48 Hours in Kyoto

IMG_8050

Japan offers a vast array of experiences. Sublime elegance and understatement are created by a country which seems to be on a  joint mission to pursue perfection in even the tiniest of details. It is unique mix of traditions and exhilarating modernism which never fails to fascinate me. In Japan both past and future  co-exist and it is this mix which represents Japan’s unique charm. It goes without saying that Japan is also a must visit for every true foodie to experience mouth-watering fresh food aesthetically displayed coupled with innovative cocktails offering intriguing taste compositions. You have come to food paradise!

This was my third time visiting Japan I spent an unforgettable time in Kyoto and Tokyo.

Kyoto is only a two and a half hour train ride from Tokyo however the two cities couldn’t be further apart. With its serene temples and gardens, Kyoto is the epitome of Japanese tradition. No other city in Japan represents this ancient culture more authentically. The city offers a vast number of temples and will leave you spoilt for choice. Wandering through the tiny alleys and shops instantly puts visitors back a hundred years. Make sure you carve out a few days to experience this fascinating city.

What to do:

The golden Pavilion (Kinkakuji) is one of the most beautiful temples in Japan. The Zen Temple’s floors are completely covered in gold leaf and set in a serene garden. Locals say that the temple is best to be visted on a rainy day, providing it with a particularly mystic ambiance. La bonne Vivante was in luck, it was indeed raining when we visited.The Pure Water (Kiyomizudera) is another famous temple in Kyoto. It was founded in 780 on the site of the Otowa Waterfall and was added to the list of UNESCO World heritages in 1994.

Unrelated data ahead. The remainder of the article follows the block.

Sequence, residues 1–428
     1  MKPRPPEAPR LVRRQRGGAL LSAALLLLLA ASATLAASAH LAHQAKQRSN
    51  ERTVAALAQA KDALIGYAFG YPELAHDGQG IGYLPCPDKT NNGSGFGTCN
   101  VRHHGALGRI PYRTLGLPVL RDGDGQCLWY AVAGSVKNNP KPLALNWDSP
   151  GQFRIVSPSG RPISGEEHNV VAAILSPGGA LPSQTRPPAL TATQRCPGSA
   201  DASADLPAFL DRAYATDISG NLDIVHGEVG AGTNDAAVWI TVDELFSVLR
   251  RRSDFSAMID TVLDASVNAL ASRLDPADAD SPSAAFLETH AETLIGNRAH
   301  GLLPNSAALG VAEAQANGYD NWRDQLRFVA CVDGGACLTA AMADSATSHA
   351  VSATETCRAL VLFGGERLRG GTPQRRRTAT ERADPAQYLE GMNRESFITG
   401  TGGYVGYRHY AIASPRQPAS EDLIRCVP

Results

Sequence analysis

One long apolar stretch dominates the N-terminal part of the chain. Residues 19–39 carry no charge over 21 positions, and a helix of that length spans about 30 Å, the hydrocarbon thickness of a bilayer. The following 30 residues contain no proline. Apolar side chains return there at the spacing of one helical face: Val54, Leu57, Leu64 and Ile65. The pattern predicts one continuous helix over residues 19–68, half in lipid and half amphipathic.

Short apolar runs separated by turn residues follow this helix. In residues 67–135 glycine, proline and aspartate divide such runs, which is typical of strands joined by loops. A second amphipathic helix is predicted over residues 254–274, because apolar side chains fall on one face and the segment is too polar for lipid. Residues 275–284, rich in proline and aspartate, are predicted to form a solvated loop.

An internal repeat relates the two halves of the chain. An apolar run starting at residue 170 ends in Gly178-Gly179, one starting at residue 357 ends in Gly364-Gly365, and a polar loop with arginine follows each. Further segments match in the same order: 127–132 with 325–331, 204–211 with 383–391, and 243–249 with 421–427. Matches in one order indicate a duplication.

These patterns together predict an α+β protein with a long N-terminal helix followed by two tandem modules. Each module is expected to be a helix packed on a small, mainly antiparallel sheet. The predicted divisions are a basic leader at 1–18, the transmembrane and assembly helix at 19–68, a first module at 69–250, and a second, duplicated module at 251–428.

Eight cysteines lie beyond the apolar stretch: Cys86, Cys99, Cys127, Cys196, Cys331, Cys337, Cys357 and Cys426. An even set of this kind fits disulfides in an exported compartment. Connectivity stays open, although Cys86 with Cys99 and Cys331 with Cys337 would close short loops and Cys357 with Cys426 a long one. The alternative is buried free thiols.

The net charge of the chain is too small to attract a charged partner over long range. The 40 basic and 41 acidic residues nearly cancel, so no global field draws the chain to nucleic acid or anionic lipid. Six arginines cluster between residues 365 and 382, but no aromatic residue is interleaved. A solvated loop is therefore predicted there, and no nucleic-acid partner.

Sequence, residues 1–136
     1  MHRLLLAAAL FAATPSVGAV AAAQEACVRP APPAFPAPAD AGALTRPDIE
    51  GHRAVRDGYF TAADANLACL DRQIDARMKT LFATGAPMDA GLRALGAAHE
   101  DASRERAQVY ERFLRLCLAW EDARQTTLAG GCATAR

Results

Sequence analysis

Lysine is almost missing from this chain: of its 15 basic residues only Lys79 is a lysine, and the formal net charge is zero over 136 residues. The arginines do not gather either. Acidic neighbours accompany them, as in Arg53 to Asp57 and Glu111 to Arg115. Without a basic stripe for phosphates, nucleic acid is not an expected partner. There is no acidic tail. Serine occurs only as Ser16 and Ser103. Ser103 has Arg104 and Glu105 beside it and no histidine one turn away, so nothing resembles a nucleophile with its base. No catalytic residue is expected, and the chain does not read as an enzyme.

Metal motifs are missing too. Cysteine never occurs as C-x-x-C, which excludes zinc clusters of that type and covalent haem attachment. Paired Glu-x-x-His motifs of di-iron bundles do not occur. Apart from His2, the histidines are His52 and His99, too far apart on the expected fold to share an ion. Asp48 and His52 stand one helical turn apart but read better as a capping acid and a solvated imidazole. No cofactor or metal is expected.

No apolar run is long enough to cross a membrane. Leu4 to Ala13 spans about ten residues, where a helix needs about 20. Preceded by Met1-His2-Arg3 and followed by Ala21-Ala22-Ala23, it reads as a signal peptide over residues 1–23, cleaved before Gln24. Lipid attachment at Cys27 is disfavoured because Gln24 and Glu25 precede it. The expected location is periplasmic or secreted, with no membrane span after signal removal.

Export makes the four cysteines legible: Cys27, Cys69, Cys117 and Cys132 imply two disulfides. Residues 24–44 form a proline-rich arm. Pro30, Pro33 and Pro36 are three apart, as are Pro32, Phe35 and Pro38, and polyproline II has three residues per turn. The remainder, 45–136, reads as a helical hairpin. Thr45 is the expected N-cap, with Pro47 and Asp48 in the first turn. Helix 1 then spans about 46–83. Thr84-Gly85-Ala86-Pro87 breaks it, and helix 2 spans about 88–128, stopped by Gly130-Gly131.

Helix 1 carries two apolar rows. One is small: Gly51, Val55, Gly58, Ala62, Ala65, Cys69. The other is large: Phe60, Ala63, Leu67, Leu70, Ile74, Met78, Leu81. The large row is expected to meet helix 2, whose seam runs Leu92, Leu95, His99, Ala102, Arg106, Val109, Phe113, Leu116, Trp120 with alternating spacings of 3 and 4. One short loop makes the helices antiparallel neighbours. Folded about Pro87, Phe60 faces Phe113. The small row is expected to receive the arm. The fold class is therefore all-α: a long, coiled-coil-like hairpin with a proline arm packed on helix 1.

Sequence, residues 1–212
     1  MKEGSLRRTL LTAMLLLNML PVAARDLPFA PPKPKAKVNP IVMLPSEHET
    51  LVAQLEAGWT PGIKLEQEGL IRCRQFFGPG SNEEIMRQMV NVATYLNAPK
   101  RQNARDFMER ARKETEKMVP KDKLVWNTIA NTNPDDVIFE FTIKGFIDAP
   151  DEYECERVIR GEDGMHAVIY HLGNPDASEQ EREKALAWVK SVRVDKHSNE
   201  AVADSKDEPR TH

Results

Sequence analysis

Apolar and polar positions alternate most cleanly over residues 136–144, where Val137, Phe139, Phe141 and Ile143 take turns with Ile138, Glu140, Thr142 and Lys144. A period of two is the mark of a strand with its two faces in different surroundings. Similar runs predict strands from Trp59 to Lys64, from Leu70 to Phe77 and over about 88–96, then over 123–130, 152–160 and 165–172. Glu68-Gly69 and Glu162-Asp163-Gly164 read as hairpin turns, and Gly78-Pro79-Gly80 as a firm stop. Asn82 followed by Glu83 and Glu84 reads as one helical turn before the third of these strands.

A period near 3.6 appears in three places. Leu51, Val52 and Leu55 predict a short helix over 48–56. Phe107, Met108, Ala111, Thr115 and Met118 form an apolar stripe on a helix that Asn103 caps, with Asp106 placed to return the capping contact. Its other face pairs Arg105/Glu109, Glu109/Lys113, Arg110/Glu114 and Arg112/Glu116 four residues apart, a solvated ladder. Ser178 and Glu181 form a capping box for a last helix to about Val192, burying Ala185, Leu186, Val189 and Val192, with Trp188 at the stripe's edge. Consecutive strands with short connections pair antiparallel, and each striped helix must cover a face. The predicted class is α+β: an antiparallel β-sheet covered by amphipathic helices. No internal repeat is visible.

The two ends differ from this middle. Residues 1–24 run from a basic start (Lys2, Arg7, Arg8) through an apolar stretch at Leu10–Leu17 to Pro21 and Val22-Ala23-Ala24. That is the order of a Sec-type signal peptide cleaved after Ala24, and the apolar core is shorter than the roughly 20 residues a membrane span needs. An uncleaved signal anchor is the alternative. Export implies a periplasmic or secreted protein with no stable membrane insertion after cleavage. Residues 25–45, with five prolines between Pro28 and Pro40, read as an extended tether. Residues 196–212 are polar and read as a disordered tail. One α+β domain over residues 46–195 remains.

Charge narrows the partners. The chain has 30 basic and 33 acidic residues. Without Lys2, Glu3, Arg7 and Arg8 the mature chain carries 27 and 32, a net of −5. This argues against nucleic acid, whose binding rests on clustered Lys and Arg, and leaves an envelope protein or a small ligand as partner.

Tea Ceremony

Whilst in Kyoto La bonne Vivante decided to attend a traditional tea ceremony. Camellia, the tea house of our choice is located in a former Geisha residence and the original layout has been retained. The tea ceremony as such was intriguing and followed the traditional routine of  tool cleaning, preparing the matcha and serving the tea whilst accurately placing the rim. Who ever thought that having a cuppa could be so complicated!https://www.tea-kyoto.com/

La Bonne Vivante loved the end result and  bought her very own Matcha tea set on the return flight back home.

IMG_8051

Buy a Kimono

There is literally no better place to buy a Kimono than in Kyoto, the city of Geishas. Venture through Kyoto’s shopping district and you will find a few specialized stores offering handmade Kimonos.

I found a beautiful cream coloured kimono patched with gold in one of these tiny stores in Kyoto’s main shopping area.

Where to stay:

This is an easy one. When it comes to places to stay there really only is one option: a traditional Ryokan. For a truly unforgettable experience choose Tawaraya which is famed to be Japan’s most beautiful Ryokan. Booking a room is an adventure already. The Tawaraya has no email address and reservations are only accepted via fax!

Frequented by the likes of Hitchcock, Jean Paul Sartre and Steve Jobs the Tawaraya has become a true institution. Whilst not particularly noticeable from the outside, this gem reveals its beauty in the small details. The service is impeccable, its design is authentically minimalistic and the traditional Kaseiki food served by a personal waitress is a lifetime experience. Make sure you visit the adorable library which features Japanese art books and is so tiny that it reminded me of a dollhouse.  Take a bath in the coffin like wooded tub, then get dressed in your Kimono, enjoy a 7 course Kaseiki dinner served in your very own suite and decelerate in your private garden. The Tawaraya isn’t cheap (be prepared to pay 1’200 Euros for one night including dinner for two) however well worth this lifetime experience. For reservations call: +81 75-211-5566

 

IMG_7958

 

Share This:

Leave a Reply

Your email address will not be published. Required fields are marked *

You may use these HTML tags and attributes: <a href="" title=""> <abbr title=""> <acronym title=""> <b> <blockquote cite=""> <cite> <code> <del datetime=""> <em> <i> <q cite=""> <strike> <strong>